All the screeching about phantom Afghan terrorists will end up inflaming the real would-be terrorists who live among us — and they are plenty inflamed already.

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All over the country, we are seeing anti-vaccine and anti-mask protesters explode into full-blown hysteria over the idea that kids might be required to get vaccinated and wear masks when they come to school. Dress codes and vaccines are already commonly required in public and private schools and have been for many decades. Now they are an infringement on the fundamental freedom of their parents to be irresponsible fools with their own families and the families of others. And they are getting more and more violent in their rhetoric:

It isn't entirely unprecedented for GOP candidates to promote violence in recent years and be richly rewarded for it. One of them became president of the United States. You may also recall that a congressional candidate by the name of Greg Gianforte was even arrested for assaulting a reporter a couple of years back. He is now the Governor of Montana. But the myriad threats against local officials such as public health officers and school board members in the last year is an escalation of political violence on a new and much more intimate level than we've seen. Across the nation, aggrieved right-wingers are intimidating officials with the words "we know where you live, we will find you" and targeting at their homes.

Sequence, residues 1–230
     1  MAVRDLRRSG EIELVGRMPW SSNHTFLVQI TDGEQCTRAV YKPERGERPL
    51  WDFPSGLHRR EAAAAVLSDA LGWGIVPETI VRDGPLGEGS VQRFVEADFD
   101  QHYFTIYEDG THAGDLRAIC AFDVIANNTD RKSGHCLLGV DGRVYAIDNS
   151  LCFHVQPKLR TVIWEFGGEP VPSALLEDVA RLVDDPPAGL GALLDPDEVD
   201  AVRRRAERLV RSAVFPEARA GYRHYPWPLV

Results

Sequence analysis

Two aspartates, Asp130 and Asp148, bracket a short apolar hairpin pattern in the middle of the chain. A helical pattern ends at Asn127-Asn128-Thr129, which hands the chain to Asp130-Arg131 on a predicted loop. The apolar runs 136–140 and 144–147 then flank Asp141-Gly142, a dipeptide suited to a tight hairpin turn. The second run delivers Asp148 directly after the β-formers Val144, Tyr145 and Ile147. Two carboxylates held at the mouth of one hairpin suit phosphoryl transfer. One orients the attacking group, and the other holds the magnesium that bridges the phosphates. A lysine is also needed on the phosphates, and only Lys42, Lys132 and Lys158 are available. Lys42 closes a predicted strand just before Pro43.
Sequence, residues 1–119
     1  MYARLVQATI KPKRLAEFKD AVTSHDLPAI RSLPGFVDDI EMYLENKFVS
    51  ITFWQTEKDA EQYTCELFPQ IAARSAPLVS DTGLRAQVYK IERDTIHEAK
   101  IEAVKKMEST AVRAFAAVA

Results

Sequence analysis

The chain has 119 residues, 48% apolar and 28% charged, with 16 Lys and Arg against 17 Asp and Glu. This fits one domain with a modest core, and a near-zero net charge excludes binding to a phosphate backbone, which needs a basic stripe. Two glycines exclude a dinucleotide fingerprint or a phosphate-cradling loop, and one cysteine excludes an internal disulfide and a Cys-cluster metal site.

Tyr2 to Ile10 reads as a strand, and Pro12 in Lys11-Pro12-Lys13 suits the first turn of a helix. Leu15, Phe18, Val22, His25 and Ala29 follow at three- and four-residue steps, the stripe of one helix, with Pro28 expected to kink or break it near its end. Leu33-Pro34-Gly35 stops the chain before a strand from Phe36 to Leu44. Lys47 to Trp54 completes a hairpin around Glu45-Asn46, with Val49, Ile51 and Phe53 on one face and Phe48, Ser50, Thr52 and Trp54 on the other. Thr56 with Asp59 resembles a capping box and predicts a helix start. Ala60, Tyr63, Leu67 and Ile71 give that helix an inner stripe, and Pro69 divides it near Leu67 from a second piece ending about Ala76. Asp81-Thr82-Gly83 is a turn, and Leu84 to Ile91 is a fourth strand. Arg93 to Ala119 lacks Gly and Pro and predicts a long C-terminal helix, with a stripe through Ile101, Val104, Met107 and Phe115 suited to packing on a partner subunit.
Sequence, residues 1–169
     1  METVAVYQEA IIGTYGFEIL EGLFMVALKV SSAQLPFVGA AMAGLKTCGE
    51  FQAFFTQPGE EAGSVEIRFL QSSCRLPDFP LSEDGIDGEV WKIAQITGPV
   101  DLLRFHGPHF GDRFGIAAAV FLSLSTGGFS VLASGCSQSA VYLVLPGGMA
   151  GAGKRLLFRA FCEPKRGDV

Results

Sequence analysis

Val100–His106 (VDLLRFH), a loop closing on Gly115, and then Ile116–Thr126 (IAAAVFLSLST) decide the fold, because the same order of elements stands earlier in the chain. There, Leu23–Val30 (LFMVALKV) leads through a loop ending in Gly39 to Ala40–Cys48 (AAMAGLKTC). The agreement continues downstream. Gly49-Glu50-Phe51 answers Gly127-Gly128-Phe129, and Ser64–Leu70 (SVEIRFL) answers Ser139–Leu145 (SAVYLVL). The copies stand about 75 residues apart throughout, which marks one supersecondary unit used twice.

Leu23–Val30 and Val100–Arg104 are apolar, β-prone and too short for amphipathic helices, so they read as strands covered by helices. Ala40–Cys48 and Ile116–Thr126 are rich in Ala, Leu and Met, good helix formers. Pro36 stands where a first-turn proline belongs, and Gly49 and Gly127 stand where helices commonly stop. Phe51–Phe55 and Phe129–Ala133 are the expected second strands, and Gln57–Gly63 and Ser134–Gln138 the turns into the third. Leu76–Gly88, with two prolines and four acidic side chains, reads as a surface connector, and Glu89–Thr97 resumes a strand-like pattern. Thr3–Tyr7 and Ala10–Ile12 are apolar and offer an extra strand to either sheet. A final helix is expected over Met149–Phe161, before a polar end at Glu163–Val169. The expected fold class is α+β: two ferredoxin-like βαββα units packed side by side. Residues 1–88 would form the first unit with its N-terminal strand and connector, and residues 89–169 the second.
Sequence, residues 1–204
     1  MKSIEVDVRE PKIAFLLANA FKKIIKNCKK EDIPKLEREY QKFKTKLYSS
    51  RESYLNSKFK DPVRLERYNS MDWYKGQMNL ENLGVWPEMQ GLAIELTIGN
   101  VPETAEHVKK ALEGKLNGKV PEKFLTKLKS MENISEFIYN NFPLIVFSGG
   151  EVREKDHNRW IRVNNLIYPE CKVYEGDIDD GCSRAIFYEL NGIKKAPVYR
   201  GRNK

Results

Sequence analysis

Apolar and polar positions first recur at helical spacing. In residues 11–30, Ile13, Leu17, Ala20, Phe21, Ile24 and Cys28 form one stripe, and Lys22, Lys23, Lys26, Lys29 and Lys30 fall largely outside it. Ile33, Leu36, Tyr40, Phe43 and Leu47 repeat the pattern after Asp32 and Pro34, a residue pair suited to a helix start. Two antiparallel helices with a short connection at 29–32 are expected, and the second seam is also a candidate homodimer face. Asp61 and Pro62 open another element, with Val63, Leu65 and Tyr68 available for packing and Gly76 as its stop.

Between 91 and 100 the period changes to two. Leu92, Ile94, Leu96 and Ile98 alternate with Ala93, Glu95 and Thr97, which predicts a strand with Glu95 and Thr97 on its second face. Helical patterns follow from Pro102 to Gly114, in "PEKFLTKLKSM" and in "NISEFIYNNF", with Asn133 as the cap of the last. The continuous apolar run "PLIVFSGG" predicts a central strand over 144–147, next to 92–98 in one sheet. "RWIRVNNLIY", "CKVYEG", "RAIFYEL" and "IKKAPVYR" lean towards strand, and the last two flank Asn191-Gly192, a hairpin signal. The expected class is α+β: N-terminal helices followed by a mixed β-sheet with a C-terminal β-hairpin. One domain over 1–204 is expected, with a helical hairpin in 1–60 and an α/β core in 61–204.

And while most Republican officeholders are more or less standing back and allowing this to happen out of cynical self-interest, some are saying the quiet parts out loud themselves.

Congressman Madison Cawthorn, R-N.C., told a group of constituents the other day that  "if our election systems continue to be rigged and continue to be stolen" there is going to be bloodshed and he really doesn't look forward to taking up arms against other Americans.

History Professor Ruth Ben-Ghiat defined what is happening in stark terms on "All in with Chris Hayes" on Monday: "Authoritarianism is when thugs and criminals become the lawmakers." Hussein Ibish, Senior Resident Scholar at the Arab Gulf States Institute in Washington, made a startling observation about this turn of events in The Atlantic:

Decades of living in, studying, and writing about the Middle East have taught me that whenever a political faction becomes obsessed with violent rhetoric and fantasies, brutal acts aren't far behind.  And while there's always been a strain of militancy on the American right and left fringes, there is something unmistakably new, and profoundly alarming, about the casual, florid, and sadistic rhetoric that is metastasizing from the Republican fringe into the party's mainstream.

The truth is that the violent rhetoric and fantasies have been there for quite a while, it's just that they were channeled into wars on foreign soil like the tragic 20-year quagmire that ended this week. And soon they will no doubt be directed at the new immigrants from Afghanistan as "floridly as ever. The American right-wing has always found somebody to hate. But if Trumpism is defined by one unique characteristic it's that it feels free to direct its violent rhetoric against fellow Americans in ways we have not seen since the Civil War

By Heather Digby Parton

Heather Digby Parton, also known as "Digby," is a contributing writer to Salon. She was the winner of the 2014 Hillman Prize for Opinion and Analysis Journalism.